Ohio has become ground zero for the debate over exotic animal ownership, according to the current issue of National Geographic Magazine, which quotes Dayton resident Tim Harrison and describes his work with Outreach for Animals. The former Oakwood police officer and founder of Outreach for Animals will talk to teens and families about exotic and potentially dangerous animals in a presentation at the Dayton Metro Library. “Lions, Tigers & Bears, Oh Why?” takes place Tuesday, April 22, 6:00 p.m. at the Main Library, 215 E. Third Street, and is free and open to the public.
Harrison’s animal rescue work is profiled in the award-winning film The Elephant in the Living Room. He’ll share stories of some of his most unusual animal experiences and rescues, some of which are detailed in his books, Wild Times: Tales from Suburban Safaris and Wildlife Warrior: More Tales from Suburban Safaris.
Harrison was on the scene in Zanesville helping local law enforcement officials after more than 50 large and potentially dangerous animals were released by their owner in 2012. The incident made international headlines and drew attention to Ohio’s lack of regulation regarding exotic pet ownership. Ohio now requires individuals to have a permit as well as other requirements for exotic animal ownership.
Having owned exotic animals himself including wolves and snakes, Harrison understands the allure, but has come to believe ownership of exotic animals should be banned. He works with individuals who currently have animals which may be dangerous not only to the themselves but to the community as well.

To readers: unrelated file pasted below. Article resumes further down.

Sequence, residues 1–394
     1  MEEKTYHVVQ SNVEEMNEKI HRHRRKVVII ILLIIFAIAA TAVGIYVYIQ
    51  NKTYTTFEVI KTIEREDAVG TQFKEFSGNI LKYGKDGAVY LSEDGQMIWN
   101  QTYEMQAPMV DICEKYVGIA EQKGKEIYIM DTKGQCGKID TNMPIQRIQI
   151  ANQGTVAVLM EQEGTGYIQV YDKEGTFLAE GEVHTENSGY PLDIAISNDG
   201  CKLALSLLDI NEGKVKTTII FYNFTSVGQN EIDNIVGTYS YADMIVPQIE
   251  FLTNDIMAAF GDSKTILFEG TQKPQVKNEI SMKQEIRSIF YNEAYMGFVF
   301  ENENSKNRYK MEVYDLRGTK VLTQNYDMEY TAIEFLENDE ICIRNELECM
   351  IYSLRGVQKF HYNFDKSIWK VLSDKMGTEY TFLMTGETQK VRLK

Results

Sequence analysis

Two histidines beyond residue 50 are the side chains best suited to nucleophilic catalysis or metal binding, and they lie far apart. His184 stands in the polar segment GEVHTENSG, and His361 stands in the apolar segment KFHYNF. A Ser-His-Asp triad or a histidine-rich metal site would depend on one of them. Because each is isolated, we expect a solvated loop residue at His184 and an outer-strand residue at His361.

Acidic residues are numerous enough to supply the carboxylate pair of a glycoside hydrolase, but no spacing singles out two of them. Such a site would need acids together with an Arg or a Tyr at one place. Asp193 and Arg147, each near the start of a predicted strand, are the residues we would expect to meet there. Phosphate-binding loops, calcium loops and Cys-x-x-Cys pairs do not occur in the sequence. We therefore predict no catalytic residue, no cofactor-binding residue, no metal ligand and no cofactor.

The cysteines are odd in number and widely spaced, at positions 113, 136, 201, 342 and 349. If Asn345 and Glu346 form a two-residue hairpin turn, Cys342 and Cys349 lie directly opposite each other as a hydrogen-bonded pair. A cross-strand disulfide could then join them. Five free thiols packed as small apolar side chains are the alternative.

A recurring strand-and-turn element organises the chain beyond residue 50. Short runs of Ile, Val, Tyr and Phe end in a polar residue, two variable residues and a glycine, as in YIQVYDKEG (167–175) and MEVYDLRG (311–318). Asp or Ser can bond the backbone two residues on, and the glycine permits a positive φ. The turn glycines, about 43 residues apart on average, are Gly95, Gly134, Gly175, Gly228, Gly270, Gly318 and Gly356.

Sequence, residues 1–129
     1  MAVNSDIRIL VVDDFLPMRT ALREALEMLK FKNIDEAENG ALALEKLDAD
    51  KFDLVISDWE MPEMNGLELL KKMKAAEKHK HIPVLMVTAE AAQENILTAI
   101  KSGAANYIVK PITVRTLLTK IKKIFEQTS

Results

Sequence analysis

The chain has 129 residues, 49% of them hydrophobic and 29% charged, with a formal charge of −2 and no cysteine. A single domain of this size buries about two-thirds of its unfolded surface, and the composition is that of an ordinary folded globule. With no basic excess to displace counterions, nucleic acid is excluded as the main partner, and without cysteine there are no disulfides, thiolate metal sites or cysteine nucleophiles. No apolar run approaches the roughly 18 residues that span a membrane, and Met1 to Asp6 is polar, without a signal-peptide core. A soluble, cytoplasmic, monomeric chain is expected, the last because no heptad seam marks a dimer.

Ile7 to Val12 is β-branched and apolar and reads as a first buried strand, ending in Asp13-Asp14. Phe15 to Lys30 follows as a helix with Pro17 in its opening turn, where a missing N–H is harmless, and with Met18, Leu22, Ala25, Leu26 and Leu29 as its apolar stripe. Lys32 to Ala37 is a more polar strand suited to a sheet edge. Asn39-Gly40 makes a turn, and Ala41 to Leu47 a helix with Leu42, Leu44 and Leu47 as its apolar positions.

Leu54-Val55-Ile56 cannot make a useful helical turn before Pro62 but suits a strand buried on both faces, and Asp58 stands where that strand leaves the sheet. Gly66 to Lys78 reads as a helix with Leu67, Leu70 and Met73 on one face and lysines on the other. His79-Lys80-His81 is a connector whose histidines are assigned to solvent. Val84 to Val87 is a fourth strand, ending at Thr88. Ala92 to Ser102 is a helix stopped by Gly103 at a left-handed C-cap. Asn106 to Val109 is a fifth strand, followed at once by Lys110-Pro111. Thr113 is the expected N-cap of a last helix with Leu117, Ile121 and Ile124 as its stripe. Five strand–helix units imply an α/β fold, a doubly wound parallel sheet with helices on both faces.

“My hope is that, with the right kind of support, the person will eventually see that owning this animal is a dangerous drain and will voluntarily choose to give it up,” Harrison says in National Geographic.
For more information on the library program, call the library’s Community Relations Department at 496-8901.
ABOUT DAYTON METRO LIBRARY
The Dayton Metro Library is one of the oldest and largest public library systems in Ohio, consistently ranking among the best in the nation. The DML consists of 20 branch locations in MontgomeryCounty, Outreach Services and the Main Library in downtown Dayton. In order to fulfill its mission to inform, inspire and enrich the community, the DML offers programs, materials and services for all ages and stages of life. It is funded in part by a portion of the state income tax and local levy support.
Specialized services and resources are available for schools, small businesses, nonprofit organizations, literacy providers and job seekers. The library houses a unique collection of local history materials. Computers are available free of charge for public use and computer instruction is available at many library locations.
In November, 2012, Montgomery County voters passed a $187 million bond issue to fund new construction and renovations for the DML. Highlights of the multi-phase, multi-year project include consolidating branches from 20 to 16, establishing an offsite operations center and completely renovating the Main Library. When the project is complete in 2017, library users will enjoy modern, efficient facilities providing superior services and technology for the 21st century. Progress on the project is posted regularly on the DML website at DaytonMetroLibrary.org.